Return to 1956 Declaration Doesn't Entail Transfer of Kurils to Japan - Politics Forum.org | PoFo

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The return of Russia and Japan to the 1956 joint declaration on negotiations on a peace treaty does not mean an automatic transfer of Kuril Islands to the Japanese side, Kremlin spokesman Dmitry Peskov said Sunday.
"It’s difficult to negotiate without some kind of base. Therefore, both leaders decided to take the 1956 declaration as the basis. Can we say that this means an automatic transfer of some territories? Absolutely not. Actually, president Putin said that when answering journalists' questions," Peskov said.
He refuted rumours about some kind of already concluded separate deal about the transfer of the islands. "It is not so, and it cannot be so," he assured.
According to Peskov, the parties can reach a compromise on the issue.
"But this is a compromise that will not conflict with the national interests of any of the parties," the spokesman stressed.
Russia will take into account Tokyo's allied commitments to the United States when negotiating a peace treaty with Japan, Peskov noted.
"Russia has been taught by a bitter experience in its relations with NATO. Recall [USSR President] Mikhail Sergeyevich Gorbachev, Germany, the US. Recall the creeping expansion of NATO, including military infrastructure, toward our borders, which continues to this day. Having such rich experience, Russia cannot help taking into account the allied relations of Japan with other countries, primarily with the United States," he said.
The peace treaty issue can be resolved, despite all the difficulties, which is confirmed by the experience of negotiations on territorial issues with China, Peskov noted.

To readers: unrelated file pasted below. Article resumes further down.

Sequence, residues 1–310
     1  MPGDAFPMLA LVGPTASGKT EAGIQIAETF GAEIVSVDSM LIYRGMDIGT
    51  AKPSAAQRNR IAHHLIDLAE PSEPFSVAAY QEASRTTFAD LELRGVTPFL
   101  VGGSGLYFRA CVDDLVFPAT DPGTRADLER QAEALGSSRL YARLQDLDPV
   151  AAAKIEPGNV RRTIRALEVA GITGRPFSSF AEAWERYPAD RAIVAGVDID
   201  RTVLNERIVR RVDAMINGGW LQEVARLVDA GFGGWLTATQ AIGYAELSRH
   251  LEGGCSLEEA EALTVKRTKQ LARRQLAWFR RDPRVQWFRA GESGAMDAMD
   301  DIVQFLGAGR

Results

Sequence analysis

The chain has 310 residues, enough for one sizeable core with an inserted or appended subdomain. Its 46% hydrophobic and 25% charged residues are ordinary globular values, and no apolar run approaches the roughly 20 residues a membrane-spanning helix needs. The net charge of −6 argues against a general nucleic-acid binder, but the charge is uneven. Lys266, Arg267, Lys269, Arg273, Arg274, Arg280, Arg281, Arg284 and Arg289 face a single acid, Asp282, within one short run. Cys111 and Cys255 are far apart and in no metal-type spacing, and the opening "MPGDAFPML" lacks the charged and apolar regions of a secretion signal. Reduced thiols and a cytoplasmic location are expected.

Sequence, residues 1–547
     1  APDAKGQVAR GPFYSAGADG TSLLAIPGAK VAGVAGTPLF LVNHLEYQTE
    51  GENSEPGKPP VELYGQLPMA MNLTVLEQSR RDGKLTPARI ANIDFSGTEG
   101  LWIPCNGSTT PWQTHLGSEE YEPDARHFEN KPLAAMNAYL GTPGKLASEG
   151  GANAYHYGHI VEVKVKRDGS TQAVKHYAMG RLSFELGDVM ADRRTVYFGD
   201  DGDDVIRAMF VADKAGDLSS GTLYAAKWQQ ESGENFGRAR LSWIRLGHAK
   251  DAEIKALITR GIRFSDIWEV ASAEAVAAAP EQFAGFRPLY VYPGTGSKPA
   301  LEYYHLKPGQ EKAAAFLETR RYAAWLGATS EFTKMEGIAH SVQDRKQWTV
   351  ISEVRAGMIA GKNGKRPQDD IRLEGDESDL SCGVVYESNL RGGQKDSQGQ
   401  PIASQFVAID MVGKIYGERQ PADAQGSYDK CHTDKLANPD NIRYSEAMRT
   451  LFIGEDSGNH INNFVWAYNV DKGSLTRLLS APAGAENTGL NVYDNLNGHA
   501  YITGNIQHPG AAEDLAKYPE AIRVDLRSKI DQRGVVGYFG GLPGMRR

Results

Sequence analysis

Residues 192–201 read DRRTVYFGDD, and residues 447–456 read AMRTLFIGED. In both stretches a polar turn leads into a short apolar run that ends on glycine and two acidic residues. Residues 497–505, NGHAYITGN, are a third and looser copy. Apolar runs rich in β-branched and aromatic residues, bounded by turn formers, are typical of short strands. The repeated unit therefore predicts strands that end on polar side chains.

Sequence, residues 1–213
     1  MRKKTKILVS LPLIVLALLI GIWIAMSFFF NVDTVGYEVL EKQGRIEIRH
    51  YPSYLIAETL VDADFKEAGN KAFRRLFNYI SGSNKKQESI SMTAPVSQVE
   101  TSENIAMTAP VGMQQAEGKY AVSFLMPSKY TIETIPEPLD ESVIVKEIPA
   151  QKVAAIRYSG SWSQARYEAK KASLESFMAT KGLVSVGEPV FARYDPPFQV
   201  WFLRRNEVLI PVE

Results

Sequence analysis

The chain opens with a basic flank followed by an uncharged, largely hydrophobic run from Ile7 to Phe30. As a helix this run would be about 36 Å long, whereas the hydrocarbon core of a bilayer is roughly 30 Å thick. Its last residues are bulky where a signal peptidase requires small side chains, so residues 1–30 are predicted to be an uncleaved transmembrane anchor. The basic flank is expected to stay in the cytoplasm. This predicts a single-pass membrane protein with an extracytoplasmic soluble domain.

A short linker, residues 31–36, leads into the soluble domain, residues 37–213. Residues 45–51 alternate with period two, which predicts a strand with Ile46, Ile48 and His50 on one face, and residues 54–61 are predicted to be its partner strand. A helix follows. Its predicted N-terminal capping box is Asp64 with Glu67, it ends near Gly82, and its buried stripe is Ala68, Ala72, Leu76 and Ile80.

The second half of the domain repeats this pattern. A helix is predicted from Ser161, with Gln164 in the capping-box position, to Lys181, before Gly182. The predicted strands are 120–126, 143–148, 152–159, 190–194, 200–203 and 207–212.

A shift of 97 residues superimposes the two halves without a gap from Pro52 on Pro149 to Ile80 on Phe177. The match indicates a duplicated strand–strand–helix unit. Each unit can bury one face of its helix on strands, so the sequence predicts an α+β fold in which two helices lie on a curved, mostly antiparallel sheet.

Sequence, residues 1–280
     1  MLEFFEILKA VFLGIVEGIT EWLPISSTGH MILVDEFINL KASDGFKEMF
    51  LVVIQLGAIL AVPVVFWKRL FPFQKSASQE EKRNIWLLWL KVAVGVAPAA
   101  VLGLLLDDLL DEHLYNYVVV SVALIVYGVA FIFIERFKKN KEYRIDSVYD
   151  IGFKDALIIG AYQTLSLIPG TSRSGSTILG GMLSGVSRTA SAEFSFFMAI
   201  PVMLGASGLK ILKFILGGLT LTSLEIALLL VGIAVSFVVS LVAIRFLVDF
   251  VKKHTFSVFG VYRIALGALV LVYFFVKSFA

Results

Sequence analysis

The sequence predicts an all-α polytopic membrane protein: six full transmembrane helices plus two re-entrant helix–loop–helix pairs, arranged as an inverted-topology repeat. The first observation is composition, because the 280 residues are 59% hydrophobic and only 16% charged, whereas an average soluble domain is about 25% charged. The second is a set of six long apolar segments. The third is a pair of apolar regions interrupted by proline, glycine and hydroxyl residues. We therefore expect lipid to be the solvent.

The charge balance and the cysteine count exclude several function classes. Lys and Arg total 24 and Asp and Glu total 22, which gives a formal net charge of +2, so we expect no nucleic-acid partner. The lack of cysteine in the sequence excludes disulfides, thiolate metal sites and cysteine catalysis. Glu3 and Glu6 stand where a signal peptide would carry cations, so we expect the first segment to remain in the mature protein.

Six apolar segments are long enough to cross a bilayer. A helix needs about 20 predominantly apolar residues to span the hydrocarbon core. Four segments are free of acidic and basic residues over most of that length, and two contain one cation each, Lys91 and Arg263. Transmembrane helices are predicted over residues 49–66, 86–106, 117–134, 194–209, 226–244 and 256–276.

"This issue can be resolved. Such complex issues may still be resolved, and this showed, for example, the experience of negotiations on territorial issues with China. Putin repeatedly gives this example, he constantly appeals to negotiations that have been ongoing for several decades," he said.
In October 2004, the Supplementary Agreement on the eastern part of Russian-Chinese state border was signed in Beijing, which stipulated voluntary transfer of the island of Tarabarov and part of the Bolshoy Ussuriysky Island to China. In 2008, by signing a protocol-description defining the border line along the Amur River, the border problem between Russia and China was finally closed. Tarabarov Island was named Yinlong, "silver dragon" in Chinese, the western part of Bolshoy Ussuriysky is now called Heixiazi, "black bear."
The agreement with Japan is important for Russia because it will open up broad opportunities for cooperation between the two countries, Kremlin spokesman stressed.
"Japan is an important partner, despite a consistent approach to intensifying relations with our country, but for Japan, the absence of a peace treaty is a kind of restraint, and we cannot fully use the full potential of our bilateral relations," Peskov said.
He noted that Japan supported sanctions against Russia, adding that this question "cannot remain unresolved during the negotiations."
The islands dispute has been souring bilateral relations for decades and serves as the main stumbling rock to signing a permanent peace treaty after the end of World War II. Both countries claim a group of four islands — Iturup, Kunashir, Shikotan and Habomai — referred to as the Southern Kurils by Russia and the Northern Territories by Japan.
In 1956, the two sides signed a Joint Declaration that provided for the restoration of bilateral relations after the war and stipulated that Japan and the Soviet Union would continue to make efforts toward signing a permanent peace treaty and toward settling the island dispute. The Soviet Union also pledged to consider handing over the islands of Habomai and Shikotan to Japan.
Some progress was made when Putin visited Japan in December 2016, and Moscow and Tokyo agreed to work on joint projects on the islands in the fields of seafood cultivation, tourism, agriculture, energy and hard waste disposal and facilitate movement between the Kurils and Japan.

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